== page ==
In 2003, Sebastian Thrun was just a Stanford professor with a really cool idea. Having already built several prototype cars that feature autonomous driving, including one for a Smithsonian exhibit, the car enthusiast decided to go full bore with a new project that would eventually become Stanley, a robotic car built around a VW Touareg that won the DARPA Challenge in 2005 and has sensors that monitor traffic, control steering, and can self-park. (In 2007, Thrun returned with another VW model that took second place in the DARPA Challenge.)
With this success, you might wonder: what can possibly top a car that drives itself? Since 2007, Thrun has taken a sabbatical to help Google develop the Street View feature in Google Maps, which display photographic overlays to help travelers find hotspots. This year, Stanford is working on a new project involving a modified Audi TT-S that provides autonomous vehicle operation as well. But in many ways, despite the recent excitement surrounding new in-car technology by Ford and others, the days of DARPA are rapidly fading, and it almost seems like the idea of the fully robotic auto has lost momentum. Or has it?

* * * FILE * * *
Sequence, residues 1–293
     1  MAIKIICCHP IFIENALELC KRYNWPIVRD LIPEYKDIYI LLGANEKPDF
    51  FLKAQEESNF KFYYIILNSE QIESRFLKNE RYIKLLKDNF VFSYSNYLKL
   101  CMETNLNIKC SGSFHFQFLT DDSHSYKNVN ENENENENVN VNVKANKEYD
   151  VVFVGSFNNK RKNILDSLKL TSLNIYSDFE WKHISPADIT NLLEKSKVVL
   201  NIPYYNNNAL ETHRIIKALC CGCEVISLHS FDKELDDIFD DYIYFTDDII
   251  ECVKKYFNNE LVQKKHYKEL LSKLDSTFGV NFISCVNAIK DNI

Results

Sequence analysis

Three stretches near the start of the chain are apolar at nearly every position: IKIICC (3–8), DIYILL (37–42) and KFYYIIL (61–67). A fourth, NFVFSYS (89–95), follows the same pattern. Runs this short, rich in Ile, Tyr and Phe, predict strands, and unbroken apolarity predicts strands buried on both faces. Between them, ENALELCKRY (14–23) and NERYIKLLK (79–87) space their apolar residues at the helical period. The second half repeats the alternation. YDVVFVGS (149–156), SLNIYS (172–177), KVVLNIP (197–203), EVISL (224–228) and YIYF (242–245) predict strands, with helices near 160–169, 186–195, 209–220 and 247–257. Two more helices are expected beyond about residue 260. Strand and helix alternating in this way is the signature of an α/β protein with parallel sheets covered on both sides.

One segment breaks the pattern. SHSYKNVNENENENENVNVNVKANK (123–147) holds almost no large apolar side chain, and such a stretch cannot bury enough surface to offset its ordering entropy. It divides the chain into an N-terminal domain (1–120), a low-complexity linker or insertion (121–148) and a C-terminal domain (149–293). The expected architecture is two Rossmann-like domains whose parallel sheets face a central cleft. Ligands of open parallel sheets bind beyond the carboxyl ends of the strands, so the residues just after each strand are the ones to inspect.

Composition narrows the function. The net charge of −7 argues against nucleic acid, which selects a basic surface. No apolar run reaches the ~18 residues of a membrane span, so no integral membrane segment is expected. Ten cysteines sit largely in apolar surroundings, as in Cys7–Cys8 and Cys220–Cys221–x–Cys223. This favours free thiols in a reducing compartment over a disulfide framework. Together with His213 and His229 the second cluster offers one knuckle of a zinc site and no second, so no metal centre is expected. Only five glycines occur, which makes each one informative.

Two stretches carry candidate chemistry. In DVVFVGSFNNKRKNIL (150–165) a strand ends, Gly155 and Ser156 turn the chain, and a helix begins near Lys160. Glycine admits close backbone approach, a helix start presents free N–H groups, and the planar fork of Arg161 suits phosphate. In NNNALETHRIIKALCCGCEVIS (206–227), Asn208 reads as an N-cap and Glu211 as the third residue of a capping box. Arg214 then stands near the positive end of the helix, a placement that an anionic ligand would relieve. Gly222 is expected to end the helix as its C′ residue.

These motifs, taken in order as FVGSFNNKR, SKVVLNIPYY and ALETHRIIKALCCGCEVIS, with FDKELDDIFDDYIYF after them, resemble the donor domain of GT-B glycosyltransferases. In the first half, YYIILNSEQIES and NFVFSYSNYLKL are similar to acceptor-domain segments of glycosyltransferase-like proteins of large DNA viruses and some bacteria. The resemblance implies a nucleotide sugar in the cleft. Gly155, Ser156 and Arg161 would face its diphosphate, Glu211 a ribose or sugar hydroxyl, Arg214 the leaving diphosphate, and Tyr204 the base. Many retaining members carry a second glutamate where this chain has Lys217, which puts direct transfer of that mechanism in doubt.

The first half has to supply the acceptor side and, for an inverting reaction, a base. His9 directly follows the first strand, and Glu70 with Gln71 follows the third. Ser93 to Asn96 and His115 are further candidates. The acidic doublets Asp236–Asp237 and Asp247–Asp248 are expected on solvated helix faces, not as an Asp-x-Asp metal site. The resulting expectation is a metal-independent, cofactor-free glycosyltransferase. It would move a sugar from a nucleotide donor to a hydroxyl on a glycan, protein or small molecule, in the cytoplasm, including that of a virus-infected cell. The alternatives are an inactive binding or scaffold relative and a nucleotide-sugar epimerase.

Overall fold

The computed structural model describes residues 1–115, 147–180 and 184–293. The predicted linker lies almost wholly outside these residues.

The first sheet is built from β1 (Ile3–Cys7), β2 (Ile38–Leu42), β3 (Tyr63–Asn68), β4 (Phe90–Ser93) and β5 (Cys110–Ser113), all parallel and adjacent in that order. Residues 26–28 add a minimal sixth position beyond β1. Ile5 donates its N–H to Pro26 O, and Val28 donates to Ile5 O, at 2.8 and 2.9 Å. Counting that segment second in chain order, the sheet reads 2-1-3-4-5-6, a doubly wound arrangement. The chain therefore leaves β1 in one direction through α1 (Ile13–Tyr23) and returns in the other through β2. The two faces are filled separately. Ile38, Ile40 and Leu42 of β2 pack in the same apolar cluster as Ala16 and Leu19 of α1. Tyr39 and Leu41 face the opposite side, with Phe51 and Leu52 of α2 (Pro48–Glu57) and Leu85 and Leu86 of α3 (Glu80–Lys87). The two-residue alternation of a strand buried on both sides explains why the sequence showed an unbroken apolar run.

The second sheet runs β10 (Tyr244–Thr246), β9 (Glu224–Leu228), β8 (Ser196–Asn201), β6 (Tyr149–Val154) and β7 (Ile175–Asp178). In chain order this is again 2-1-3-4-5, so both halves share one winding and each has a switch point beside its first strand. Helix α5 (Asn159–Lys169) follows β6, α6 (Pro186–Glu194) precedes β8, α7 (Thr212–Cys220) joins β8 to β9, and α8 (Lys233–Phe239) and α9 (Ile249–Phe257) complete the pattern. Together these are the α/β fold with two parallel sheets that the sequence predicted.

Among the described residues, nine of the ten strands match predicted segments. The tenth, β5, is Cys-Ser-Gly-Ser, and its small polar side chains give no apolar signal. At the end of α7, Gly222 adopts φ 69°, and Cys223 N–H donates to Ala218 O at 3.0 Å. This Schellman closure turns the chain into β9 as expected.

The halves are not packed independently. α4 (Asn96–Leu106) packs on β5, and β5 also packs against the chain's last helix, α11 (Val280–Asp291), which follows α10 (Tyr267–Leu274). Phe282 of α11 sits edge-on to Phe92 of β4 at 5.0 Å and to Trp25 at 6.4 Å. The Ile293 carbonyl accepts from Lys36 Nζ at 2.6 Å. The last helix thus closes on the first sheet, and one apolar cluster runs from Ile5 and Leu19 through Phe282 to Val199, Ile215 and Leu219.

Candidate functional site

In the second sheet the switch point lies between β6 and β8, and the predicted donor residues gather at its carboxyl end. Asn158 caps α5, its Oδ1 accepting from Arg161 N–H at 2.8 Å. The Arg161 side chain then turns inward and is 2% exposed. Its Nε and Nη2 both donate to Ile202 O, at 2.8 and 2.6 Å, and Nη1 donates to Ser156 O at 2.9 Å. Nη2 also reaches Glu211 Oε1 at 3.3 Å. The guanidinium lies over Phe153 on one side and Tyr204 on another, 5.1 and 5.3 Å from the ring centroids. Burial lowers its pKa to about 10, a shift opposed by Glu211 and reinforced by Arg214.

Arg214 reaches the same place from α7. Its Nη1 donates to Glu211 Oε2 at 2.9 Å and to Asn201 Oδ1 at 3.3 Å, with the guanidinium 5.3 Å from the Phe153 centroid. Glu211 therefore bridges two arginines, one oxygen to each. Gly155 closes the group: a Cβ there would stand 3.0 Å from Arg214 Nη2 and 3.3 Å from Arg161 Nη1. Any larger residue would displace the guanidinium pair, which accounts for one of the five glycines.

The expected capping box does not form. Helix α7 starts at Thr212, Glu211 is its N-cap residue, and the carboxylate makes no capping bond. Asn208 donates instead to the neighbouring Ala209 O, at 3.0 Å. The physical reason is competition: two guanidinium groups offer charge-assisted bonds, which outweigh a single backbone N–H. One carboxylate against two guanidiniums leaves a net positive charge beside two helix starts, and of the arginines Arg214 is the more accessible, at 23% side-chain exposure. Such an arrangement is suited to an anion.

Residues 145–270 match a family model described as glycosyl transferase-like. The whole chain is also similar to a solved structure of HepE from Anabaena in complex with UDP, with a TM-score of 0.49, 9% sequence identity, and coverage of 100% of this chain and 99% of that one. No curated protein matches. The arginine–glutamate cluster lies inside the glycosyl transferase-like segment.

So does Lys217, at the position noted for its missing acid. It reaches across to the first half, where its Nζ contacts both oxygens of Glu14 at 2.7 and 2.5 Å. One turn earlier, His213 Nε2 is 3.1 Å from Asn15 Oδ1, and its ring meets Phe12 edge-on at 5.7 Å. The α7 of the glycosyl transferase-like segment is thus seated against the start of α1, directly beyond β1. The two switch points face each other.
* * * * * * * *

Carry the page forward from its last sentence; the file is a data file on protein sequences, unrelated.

In many ways, the dream of autonomous cars did not die at the last DARPA event. Instead, it was born anew. Several leading car companies have invested in robotic automation features and are now well on their way to providing an experience not unlike Thrun’s vision for autonomous control, where a driver simply presses a button and sits back in his seat while the car drives him home. To understand the current state of robotic features, we test drove four of today’s most advanced vehicles to find out how these options work, and how close we are to full robotic control.